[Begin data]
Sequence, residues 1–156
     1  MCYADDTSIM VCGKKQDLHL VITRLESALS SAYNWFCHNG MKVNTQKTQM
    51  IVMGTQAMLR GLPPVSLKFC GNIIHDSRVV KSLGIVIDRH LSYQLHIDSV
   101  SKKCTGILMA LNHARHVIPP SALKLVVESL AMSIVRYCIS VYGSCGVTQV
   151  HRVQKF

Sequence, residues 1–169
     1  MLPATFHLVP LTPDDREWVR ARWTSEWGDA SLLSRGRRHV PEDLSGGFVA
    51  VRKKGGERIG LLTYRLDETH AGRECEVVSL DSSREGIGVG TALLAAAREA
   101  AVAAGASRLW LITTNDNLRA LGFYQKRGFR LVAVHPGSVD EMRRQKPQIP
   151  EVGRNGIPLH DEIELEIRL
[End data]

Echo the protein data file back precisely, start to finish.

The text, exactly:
Sequence, residues 1–156
     1  MCYADDTSIM VCGKKQDLHL VITRLESALS SAYNWFCHNG MKVNTQKTQM
    51  IVMGTQAMLR GLPPVSLKFC GNIIHDSRVV KSLGIVIDRH LSYQLHIDSV
   101  SKKCTGILMA LNHARHVIPP SALKLVVESL AMSIVRYCIS VYGSCGVTQV
   151  HRVQKF

Sequence, residues 1–169
     1  MLPATFHLVP LTPDDREWVR ARWTSEWGDA SLLSRGRRHV PEDLSGGFVA
    51  VRKKGGERIG LLTYRLDETH AGRECEVVSL DSSREGIGVG TALLAAAREA
   101  AVAAGASRLW LITTNDNLRA LGFYQKRGFR LVAVHPGSVD EMRRQKPQIP
   151  EVGRNGIPLH DEIELEIRL